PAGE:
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SKIPPING THE MERITS OF MERIT PAY! Know-nothing pundits know one thing. They know how to look down on teachers: // link // print // previous // next //
THURSDAY, JULY 12, 2007

IN WHICH WE PAY FULL PRICE: In Tuesday’s report, we discussed a New York Times profile of Drew Westen’s new book, The Political Brain. (We suggested that Gore almost surely should not have called Bush a “drunk” at their first debate.) Just like that, an e-mailer offered some good sound advice; wouldn’t it be better to read Westen’s book, he asked, rather than go by the work of a Times reporter? Yes it would, we deftly replied—and we paid full price when we saw The Political Brain in a book store yesterday.

Having looked (with great interest) at various passages, we expect to spend substantial time reviewing this book next week. Westen wants Dems to understand the role of emotion in political speech. (His subtitle: “The role of emotion in deciding the fate of the nation.”) We’re eager to learn from his work on this topic (he discusses a whole raft of research). But based on our initial survey, we’ve been struck by how poorly he seems to understand another major, ongoing problem that confronts modern Dem pols.

That problem is the role of the press in shaping how Dem speech is perceived.

Westen presents specific examples, drawn from recent high-profile events. For example, he explains what he thinks Gore should have said at several points in the Bush-Gore debates. We’ve spent a lot of time on the incidents he discusses; we think his examples are highly salient. But we’re surprised by the way he skips past the role the press corps played in shaping these crucial events.

Drew Westen knows brains; we look forward to learning from what he has offered. But Democratic strategists have simply refused to come to terms with the role of the press corps in modern Dem politics; this has been an ongoing problem for Major Dem pols (and for liberal interests). Almost surely, Gore shouldn’t have called Bush a “drunk” that night—although, of course, we can always imagine what would have happened if he’d only said this. But then, there are other things Gore (likely) shouldn’t have said which Westen recommends in this book. And we think he displays a limited grasp of the role the mainstream press has played in recent Dem—and American—disasters.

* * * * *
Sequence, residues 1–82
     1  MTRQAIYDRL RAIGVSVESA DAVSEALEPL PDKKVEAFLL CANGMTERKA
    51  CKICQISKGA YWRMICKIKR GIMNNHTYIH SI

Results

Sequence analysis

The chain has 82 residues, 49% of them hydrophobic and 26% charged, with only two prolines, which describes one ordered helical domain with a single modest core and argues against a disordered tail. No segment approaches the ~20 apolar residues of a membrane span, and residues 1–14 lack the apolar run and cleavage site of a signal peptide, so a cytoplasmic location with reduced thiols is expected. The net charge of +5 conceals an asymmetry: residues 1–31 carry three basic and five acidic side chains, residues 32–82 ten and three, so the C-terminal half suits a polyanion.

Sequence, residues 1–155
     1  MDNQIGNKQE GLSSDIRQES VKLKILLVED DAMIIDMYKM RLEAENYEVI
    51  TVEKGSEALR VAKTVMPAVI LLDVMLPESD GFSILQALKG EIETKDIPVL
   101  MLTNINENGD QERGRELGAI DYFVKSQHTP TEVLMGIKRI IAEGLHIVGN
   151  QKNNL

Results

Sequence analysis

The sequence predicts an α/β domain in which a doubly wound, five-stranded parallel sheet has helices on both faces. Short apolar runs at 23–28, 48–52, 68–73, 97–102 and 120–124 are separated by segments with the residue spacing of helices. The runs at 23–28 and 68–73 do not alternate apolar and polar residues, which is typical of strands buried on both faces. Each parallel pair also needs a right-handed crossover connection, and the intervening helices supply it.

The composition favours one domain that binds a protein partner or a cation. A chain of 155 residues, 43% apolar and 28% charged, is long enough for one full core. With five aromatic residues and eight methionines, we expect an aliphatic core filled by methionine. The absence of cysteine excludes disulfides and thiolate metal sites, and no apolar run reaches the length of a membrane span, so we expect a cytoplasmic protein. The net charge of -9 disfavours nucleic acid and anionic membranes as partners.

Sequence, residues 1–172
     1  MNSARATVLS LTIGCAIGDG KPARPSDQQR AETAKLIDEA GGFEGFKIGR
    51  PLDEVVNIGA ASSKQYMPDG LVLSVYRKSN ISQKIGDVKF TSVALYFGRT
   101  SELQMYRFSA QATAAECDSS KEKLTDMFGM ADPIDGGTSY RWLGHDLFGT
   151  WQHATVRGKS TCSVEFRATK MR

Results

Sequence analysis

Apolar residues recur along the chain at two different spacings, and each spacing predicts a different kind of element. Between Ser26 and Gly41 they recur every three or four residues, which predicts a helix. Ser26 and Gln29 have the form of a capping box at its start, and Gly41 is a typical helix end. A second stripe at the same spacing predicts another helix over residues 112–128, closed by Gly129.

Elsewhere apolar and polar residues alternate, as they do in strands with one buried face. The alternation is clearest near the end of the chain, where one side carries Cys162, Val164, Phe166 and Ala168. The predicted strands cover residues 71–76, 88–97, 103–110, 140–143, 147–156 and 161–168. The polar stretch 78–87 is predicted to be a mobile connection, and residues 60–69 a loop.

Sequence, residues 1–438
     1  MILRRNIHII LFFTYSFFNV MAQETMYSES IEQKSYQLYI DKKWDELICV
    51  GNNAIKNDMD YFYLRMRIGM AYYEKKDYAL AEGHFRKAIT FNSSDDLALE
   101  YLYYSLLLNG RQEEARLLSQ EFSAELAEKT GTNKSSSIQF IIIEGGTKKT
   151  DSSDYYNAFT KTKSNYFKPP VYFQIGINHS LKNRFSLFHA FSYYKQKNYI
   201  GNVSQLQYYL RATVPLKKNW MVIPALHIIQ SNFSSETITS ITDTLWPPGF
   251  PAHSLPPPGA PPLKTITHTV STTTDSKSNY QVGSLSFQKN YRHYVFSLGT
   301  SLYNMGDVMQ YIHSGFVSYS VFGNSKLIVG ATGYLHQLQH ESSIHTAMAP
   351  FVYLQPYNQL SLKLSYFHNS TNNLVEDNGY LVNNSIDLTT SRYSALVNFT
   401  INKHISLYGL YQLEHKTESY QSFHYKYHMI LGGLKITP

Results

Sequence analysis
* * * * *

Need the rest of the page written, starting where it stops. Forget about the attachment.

What keeps us Dems from confronting this problem? We’ve given up trying to puzzle it out, but the insouciance can seem endless. You’d barely know it from reading this book, but people who watched Bush and Gore’s first debate thought Gore had won, by a pretty good margin. (Yes, of course, he could have done better.) The larger problem began the next day, when the press corps began “interpreting” Bush and Gore’s statements. We assume that Westen has a lot to say about the role of the brain in political speech. But the role of the press has been powerful too, and Dems have failed, for the past fifteen years, to come to terms with this ongoing problem.

No, Gore probably shouldn’t have called Bush a drunk. But then, we’ll also guess that he shouldn’t have made the statement suggested on page 15. “[I]f Gore wanted to see the interchange replayed a hundred time on cable,” Westen writes, “he might have added...”—well, go buy the book and see what he suggests. But readers! In our view, if Gore had made the suggested remark, we’d still be seeing it replayed on cable! And what would our big cable pundits be saying? What kooks these Big Democrats be!

Those who watched said Gore had won. Then, the mainstream press got active. (See THE DAILY HOWLER, 4/27/07, for a taste of how fake this all was.) But Big Dems keep taking a pass on this problem. Next week, we’ll examine Westen’s intriguing book—a book which knows a lot about brains but strikes us as weak on the press corps.